Inflation in the United Kingdom reached a new record high in July as the nation’s households continued to feel the effects of historically high food and energy costs.
According to figures released by the Office for National Statistics on Wednesday, the consumer price index increased by 10.1% yearly, above the consensus estimate of 9.8% provided by Reuters and increasing from 9.4% in June. The largest factor in the month’s increase was rising food costs, a sign that inflationary pressures are extending beyond energy. The benchmark rate of the BOE would rise by 2 percentage points to 3.75% by May of the following year, according to investors.
According to Grant Fitzner, chief economist of the ONS, “food costs grew noticeably, particularly bread items, dairy, meat, and vegetables, which was also reflected in higher takeout pricing.” Inflation was driven up in July by price increases for other essentials including pet food, toilet paper, toothbrushes, and deodorants.
Why prices are rising so rapidly?
Andrew Bailey, governor of the Bank of England, stated that “the Russia shock is now the major driver to UK inflation.” However, economists concur that there are a number of them, including:
Increasing oil and gas prices have led to sharp energy costs. When the price cap is again reviewed in October, they are anticipated to rise significantly once more. Prices for gas and fuel have increased in part due to the cost of crude oil rising due to the conflict in Ukraine. Prices have dropped from record highs, but are anticipated to stay. Increasing food costs as grain production and expenses are squeezed by the conflict in Ukraine.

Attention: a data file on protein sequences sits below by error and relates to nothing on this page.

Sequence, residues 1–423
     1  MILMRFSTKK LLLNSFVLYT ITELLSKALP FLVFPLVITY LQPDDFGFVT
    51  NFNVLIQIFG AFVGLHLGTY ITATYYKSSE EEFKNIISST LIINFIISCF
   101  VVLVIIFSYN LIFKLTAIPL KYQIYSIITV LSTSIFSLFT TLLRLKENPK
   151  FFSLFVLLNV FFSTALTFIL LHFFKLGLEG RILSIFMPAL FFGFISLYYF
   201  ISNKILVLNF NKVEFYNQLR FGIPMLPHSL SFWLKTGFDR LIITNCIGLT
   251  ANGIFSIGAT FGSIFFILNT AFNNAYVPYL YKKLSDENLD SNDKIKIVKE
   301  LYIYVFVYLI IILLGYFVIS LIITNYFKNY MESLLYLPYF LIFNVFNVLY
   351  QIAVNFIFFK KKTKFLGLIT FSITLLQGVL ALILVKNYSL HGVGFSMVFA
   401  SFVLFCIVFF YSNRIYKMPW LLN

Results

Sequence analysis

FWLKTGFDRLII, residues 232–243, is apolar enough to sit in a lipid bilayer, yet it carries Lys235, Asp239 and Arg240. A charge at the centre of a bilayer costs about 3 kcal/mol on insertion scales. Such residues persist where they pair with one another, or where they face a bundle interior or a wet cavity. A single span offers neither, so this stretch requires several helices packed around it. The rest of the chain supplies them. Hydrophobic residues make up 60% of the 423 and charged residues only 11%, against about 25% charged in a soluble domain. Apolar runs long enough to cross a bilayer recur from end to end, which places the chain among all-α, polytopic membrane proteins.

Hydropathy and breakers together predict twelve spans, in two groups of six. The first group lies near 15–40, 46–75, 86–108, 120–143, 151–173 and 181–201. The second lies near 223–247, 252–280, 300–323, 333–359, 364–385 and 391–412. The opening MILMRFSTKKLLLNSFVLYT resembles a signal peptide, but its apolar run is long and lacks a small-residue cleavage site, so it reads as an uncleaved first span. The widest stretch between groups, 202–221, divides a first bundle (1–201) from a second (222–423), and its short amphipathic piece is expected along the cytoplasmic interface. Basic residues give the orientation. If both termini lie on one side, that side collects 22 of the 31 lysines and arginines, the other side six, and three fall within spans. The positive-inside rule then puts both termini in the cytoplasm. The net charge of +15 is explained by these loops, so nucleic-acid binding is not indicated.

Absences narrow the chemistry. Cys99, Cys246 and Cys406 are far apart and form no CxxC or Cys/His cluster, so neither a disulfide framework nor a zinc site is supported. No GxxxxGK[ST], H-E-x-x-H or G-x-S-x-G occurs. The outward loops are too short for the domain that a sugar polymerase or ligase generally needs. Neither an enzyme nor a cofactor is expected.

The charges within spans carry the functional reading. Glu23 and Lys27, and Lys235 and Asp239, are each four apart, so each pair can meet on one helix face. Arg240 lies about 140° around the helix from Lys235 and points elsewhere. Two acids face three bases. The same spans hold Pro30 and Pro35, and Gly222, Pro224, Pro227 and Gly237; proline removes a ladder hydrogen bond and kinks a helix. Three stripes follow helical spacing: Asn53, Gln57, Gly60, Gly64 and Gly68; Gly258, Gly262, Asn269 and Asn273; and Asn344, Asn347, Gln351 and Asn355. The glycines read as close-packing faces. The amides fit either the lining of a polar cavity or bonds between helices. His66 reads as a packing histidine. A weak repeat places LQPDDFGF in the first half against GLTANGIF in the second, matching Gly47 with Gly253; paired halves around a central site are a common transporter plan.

Used automobile prices have also increased significantly. Considerable price rises for furniture, home products, and raw materials as well as for the hospitality industry, which includes restaurants and hotels. Rising interest rates are making some homeowners’ mortgage payments more expensive.
Prices don’t all operate in the same manner. Some other goods and services have remained the same in price or just marginally risen.
Effects on Wages
Many people’s pay increases aren’t keeping up with the inflation rate. The average pay increased by 4.7% in the year to June 2022, excluding bonuses. However, when you adjust for inflation, that pay’s real worth decreased by 3% from one year prior. When adjusted for inflation, total compensation, including incentives, decreased by 2.5%. While the government claims this might drive inflation even higher, unions contend that pay should reflect the cost of living.
Effect on other nations
The cost of living is rising in other nations as well. Increased energy prices, a lack of supplies of commodities and resources, and the effects of Covid are a few of the same causes. According to the ONS, UK inflation is comparable to the average for the EU. The most recent estimate of annual inflation in the eurozone was 8.6%. According to the US Labor Department, inflation in the US reached 9.1% in the year that ended in June, which is a 40-year high.
The Bank of England claims that the “current high rates of inflation are not expected to endure,” despite anticipating greater inflation in the autumn. Inflation is expected to peak this winter at 13.1% before dropping to 2% in around two years. But not all economists share this conviction. In the past, when inflation rose beyond 9%, the recovery process took years rather than months.
The Bank of England has historically increased interest rates in reaction to growing inflation. While this may promote saving, it also increases some homeowners’ monthly mortgage payments.
Raising interest rates increases borrowing costs and, it is anticipated, reduces consumer spending. They will buy less as a result, which will slow the rate of price inflation. But there is a limit to how effectively UK interest rate increases can curb inflation when it is brought on by factors like rising energy costs globally.